Lights Out: The problems with markerlights[edit]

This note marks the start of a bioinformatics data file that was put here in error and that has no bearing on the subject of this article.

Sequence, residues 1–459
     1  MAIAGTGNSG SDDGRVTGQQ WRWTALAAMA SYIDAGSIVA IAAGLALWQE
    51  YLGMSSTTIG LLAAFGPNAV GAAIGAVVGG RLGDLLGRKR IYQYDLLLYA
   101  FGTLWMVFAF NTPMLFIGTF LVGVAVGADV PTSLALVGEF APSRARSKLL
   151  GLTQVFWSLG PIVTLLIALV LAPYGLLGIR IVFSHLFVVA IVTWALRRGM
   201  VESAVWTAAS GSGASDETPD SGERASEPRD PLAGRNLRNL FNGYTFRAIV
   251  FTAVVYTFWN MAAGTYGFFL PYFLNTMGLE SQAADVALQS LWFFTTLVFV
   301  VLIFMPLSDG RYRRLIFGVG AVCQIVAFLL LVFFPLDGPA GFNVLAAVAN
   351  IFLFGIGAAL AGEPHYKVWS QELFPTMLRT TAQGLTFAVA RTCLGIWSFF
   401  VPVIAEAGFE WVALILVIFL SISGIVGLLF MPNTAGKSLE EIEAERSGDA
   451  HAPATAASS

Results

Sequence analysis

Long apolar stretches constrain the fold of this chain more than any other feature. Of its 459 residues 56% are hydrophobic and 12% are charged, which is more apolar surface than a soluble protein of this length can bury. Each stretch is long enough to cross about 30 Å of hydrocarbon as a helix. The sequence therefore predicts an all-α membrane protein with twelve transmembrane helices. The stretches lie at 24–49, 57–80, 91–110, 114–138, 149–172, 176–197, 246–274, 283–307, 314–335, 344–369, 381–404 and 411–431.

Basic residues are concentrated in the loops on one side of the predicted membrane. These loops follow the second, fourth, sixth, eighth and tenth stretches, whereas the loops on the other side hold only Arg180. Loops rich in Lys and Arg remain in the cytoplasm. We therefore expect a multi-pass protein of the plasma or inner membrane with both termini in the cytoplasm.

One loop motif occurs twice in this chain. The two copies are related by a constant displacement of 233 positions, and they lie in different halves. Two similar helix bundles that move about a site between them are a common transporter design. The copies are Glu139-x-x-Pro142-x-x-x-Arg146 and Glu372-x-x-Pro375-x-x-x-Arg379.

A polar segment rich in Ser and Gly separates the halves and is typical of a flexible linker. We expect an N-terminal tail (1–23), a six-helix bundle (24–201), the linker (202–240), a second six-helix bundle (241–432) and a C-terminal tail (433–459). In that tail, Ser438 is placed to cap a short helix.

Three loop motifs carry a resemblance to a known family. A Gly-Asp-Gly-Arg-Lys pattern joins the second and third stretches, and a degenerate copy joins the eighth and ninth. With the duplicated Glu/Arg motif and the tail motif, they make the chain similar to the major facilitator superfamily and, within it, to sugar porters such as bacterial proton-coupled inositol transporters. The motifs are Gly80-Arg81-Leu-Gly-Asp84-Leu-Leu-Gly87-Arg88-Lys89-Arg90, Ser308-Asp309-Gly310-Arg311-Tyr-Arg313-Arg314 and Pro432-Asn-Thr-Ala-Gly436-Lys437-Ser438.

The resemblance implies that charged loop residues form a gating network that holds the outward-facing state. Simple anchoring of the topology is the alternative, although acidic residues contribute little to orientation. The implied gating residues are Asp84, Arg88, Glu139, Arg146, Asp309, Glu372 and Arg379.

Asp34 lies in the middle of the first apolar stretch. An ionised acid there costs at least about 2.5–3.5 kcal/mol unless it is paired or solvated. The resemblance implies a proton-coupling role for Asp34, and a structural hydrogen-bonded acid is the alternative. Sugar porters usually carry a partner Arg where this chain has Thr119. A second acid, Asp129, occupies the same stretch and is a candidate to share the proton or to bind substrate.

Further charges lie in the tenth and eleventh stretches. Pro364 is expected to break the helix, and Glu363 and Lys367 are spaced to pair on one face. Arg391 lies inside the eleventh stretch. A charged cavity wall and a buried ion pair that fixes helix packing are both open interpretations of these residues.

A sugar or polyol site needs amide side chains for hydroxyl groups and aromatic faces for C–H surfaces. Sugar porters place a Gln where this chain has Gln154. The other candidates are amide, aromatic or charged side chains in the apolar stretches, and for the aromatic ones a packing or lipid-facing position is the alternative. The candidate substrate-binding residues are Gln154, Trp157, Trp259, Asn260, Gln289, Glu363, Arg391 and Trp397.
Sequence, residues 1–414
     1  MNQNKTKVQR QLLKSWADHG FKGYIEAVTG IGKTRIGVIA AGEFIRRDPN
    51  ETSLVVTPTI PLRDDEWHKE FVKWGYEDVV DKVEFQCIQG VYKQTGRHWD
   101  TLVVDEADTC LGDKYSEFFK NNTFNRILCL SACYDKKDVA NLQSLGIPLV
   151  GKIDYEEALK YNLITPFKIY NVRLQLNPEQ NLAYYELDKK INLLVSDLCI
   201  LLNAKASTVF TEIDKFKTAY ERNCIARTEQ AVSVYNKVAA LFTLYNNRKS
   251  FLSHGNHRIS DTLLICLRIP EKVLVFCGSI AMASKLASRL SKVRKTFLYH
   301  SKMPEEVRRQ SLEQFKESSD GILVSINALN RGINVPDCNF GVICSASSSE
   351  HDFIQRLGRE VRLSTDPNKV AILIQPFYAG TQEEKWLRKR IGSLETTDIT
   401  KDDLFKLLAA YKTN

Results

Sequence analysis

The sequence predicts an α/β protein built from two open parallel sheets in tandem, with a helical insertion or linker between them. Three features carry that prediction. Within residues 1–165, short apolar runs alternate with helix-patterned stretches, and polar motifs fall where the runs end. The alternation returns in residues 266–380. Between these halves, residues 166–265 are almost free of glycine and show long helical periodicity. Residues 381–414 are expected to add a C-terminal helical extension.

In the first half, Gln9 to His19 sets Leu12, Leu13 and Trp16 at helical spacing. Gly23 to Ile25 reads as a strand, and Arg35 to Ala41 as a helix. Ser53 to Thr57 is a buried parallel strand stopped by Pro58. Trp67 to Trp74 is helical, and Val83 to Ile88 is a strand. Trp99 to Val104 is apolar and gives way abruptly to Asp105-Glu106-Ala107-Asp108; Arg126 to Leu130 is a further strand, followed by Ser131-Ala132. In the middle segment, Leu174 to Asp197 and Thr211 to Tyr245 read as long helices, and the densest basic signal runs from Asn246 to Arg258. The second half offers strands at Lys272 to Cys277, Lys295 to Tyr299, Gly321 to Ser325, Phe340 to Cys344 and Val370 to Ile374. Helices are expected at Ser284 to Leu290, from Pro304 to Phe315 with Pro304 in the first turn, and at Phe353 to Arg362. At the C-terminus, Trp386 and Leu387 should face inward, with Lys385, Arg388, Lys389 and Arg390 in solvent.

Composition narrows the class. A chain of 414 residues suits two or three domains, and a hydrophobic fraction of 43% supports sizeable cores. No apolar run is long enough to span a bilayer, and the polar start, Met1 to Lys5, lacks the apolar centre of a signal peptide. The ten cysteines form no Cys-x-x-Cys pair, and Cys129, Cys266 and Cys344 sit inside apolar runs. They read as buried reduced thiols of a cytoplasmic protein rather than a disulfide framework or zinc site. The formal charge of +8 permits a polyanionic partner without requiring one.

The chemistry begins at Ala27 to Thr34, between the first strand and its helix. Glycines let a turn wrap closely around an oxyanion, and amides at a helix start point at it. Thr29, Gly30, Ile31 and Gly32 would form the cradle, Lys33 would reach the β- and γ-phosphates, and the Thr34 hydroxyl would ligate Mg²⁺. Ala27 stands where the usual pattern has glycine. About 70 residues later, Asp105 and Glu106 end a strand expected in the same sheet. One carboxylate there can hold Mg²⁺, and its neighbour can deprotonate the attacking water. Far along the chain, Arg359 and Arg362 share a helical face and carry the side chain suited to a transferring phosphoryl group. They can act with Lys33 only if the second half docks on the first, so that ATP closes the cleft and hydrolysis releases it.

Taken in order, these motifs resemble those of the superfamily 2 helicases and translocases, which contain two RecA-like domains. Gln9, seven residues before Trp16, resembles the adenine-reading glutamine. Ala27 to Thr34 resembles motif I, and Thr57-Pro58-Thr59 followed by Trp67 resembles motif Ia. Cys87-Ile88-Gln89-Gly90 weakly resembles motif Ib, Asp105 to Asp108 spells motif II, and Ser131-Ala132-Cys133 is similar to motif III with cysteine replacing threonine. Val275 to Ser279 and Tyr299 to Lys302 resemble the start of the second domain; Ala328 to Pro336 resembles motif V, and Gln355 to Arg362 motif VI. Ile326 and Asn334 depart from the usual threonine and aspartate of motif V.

In an unexpected plot twist in the story of Games Workshop's rulemaking, markerlights are not the broken, be-all-end-all of a Tau army. Unlike several other units, they have a few distinct problems, and knowing about these will help you in the long run. Firstly, they count as heavy weapons (one of the few infantry heavy weapons in the mostly fluid Tau weapons list), meaning your Pathfinders have to stand still to use them at full BS, or otherwise move and fire off Snap Shots at BS1, which, spoiler alert, will generally not be helpful in your war effort. Drones, as jetpack infantry, have the Relentless universal special rule, allowing them to fire at full BS with heavy weapons even when they move; have fun with that, but drones start at a lower BS, so use a drone controller if you can afford it. Your opponent is also going to gun for them, hard, and while you might be able to have your Pathfinders ducking about the table with the aid of a Devilfish, if your opponent gets to them, expect them to drop fast as he unloads his entire army's ammo stocks at them. Any units who are not Pathfinders or drones can only field an extremely limited amount of markerlights, meaning that you suddenly have to properly ration them out, make proper target prioritization choices, and pray that you don't botch your rolls.